Enterprise Minnesota cohosted an event in Rochester designed to highlight the dynamic growth opportunities for manufacturing in southeast Minnesota. Other hosts were Rochester Area Economic Development, Inc. and Journey to Growth, a regional economic development project.
Bob Kill, Enterprise Minnesota’s president and CEO, presented the findings of the 2018 State of Manufacturing® survey (SOM), which was followed by a panel discussion of local manufacturing executives.
“It was an invigorating event with knowledgeable and insightful back and forth,” says Lynn Shelton, Enterprise Minnesota’s vice president of marketing. “The manufacturers emphasized the shortage of workers—skilled and unskilled alike. They appeared very willing to engage local technical colleges but also local public schools. They see the value of starting with middle school students and younger.”
While the event was designed for manufacturers only, many attendees invited legislators, educators, and economic developers as their guests, according to Shelton.
“The lesson is, as always, that we’re stronger when we work together. But to work together you have to be together,” Shelton says. “And meetings like this represent a terrific start.”
She says the meeting reminded her of ten years ago, when Enterprise Minnesota unveiled the State of Manufacturing as part of a “nexus” strategy that sought to give manufacturers greater connectedness to each other and to community leaders and policymakers. She remembers observing that Minnesota’s manufacturers—especially small and mid-size—disdained “politics” and were content to merely greet policymakers at the monthly chamber meetings, but otherwise focused on efficiently making and aggressively marketing their widgets.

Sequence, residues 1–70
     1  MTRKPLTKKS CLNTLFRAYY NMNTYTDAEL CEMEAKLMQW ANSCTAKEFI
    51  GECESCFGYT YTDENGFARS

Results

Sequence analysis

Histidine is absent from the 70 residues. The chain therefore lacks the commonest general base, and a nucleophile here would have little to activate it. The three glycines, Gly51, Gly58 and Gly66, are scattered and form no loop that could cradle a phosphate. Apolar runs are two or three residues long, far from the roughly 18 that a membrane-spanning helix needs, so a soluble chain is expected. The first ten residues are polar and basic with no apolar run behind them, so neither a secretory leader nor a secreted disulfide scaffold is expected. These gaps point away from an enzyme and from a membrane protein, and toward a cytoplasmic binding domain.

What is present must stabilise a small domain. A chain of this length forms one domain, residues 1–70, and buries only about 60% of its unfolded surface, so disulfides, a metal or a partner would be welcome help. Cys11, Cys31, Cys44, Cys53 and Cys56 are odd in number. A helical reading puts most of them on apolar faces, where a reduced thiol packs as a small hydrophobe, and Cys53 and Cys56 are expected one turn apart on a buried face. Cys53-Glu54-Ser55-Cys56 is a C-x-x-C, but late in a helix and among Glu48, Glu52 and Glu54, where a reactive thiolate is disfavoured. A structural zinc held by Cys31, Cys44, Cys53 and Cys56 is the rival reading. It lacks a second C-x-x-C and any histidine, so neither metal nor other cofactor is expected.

Shelton thinks the crash of 2009 may have helped change this mindset. As Enterprise Minnesota conducted its first round of focus groups and released the results through community outreach meetings, Shelton says, “We saw that manufacturers, educators, policymakers and civic activists became increasingly aware of the importance of their relationships.” Enterprise Minnesota uses the SOM to try to keep that coalition alive.
“The event was as important for the fact that we had it, as for the subject matter. Manufacturers need to identify themselves as Minnesotans, but also identify by their regions. The challenges and opportunities manufacturers face can differ dramatically by location.”